Urbanization's Aftermath

Part three of a three part series.
  Part 1: Bright Lights, Big City
  Part 2: Reaping What We Sow

  Page 2


Don’t let that tree outside your kitchen window fool you. Though it may not look like it’s doing much more than adding a little shade to your yard, it is, in fact, working to curb global warming. Through the process of photosynthesis, green plants use the energy from the sun to draw down carbon dioxide and combine it with water to create the carbohydrates plants need to grow and animals need to live. While a single tree does not have much effect on the atmospheric levels of carbon dioxide, en masse plants draw down millions of tons of this potent greenhouse gas and effectively help keep the Earth cool.


City Lights and Vegetation Index


Given their positive effect on the climate, one would think that we’d want to keep the world’s plants, especially those in our backyards, intact. But each year humans destroy untold amounts of plants and fertile soil through the process of urbanization. Every time a subdivision is built, a strip mall is erected, or a road is laid, the local vegetation is uprooted and the soil is turned. Though new grass and trees may sprout afterwards, this newly grown canopy of vegetation is usually much less dense.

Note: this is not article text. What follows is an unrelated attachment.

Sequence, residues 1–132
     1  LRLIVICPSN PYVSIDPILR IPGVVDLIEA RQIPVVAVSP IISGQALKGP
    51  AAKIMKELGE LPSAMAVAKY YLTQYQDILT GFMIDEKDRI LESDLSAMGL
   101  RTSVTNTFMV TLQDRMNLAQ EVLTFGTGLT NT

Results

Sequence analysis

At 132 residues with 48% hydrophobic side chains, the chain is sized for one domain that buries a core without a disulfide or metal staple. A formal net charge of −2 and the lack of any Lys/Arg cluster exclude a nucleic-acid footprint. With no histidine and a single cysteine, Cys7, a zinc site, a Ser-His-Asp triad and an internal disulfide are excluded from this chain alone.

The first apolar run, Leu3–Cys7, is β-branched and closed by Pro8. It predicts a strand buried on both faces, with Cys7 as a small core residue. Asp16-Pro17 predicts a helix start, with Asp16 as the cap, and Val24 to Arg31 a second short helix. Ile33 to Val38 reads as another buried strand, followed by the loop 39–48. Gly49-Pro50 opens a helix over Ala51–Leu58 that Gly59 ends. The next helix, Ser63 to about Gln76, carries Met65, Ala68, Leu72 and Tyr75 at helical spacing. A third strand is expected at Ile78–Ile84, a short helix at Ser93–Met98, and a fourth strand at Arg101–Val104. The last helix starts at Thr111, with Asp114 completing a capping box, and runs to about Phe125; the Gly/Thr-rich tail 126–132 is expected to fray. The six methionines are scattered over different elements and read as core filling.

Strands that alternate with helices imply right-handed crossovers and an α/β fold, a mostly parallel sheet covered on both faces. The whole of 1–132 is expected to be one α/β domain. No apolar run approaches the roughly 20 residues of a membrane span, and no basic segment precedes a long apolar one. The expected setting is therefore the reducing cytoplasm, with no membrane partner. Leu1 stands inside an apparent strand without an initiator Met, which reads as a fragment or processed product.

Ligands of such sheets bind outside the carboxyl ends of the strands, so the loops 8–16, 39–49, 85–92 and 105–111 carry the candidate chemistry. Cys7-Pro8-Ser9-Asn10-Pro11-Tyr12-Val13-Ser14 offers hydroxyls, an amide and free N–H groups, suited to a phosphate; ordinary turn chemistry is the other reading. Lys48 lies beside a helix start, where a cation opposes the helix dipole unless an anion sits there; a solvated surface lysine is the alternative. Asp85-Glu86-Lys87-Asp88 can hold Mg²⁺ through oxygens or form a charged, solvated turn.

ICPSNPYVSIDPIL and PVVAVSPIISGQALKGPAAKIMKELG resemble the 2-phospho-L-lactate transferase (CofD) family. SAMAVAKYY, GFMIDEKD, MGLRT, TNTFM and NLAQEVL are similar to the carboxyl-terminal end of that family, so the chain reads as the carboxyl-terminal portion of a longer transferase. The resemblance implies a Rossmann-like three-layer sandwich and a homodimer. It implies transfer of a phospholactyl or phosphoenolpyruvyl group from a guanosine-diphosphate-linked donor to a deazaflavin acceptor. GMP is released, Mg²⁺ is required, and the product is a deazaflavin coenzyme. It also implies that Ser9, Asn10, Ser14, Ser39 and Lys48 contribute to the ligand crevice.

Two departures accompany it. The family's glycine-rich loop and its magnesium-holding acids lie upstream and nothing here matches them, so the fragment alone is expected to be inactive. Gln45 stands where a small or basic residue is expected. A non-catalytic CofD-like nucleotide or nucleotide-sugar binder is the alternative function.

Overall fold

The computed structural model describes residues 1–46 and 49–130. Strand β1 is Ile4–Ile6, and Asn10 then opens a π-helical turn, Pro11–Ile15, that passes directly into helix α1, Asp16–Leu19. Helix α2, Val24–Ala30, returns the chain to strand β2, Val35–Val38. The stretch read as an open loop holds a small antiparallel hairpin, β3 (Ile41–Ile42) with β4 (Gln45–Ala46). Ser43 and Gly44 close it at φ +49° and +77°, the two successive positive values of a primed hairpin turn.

Urbanization tends to the reduce vegetation density. These two images show city lights and Normalized Difference Vegetation Index (NDVI) for the eastern United States. Bright areas of the lights image are more urbanized. Dark green regions of the vegetation image represent dense vegetation, while brown indicates sparse vegetation. Between the two images, urban areas correspond to regions with sparse vegetation. (Lights image data courtesy Marc Imhoff of NASA GSFC and Christopher Elvidge of NOAA NGDC. NDVI data courtesy Compton Tucker and Bob Mahoney of NASA GSFC.)

Tracking the precise impact of urbanization on vegetation, however, is no simple task. Urbanization moves relatively fast and its outlines are often hard to discern. It’s also difficult to gauge what the urbanized areas were like before the cities were erected. Recently, a group of researchers at NASA’s Goddard Space Flight Center led by biologist and remote sensing specialist Marc Imhoff found a way to overcome these obstacles. Using satellite images of city lights at night, they constructed a map of the urbanized areas of the United States. They then retrieved vegetation density readings of present day American cities as well as simulated readings of the landscapes that pre-dated these cities. By combining the vegetation data with the urbanization maps, Imhoff was able to calculate the effects of urbanization on many types of ecosystems across the country.

next Our Changing Landscape


New Orleans at Night
The bright lights of cities make them visible from space on moonless nights. Scientists use data gathered from sensitive satellite instruments to map urban areas worldwide. (Photograph copyright Philip Greenspun)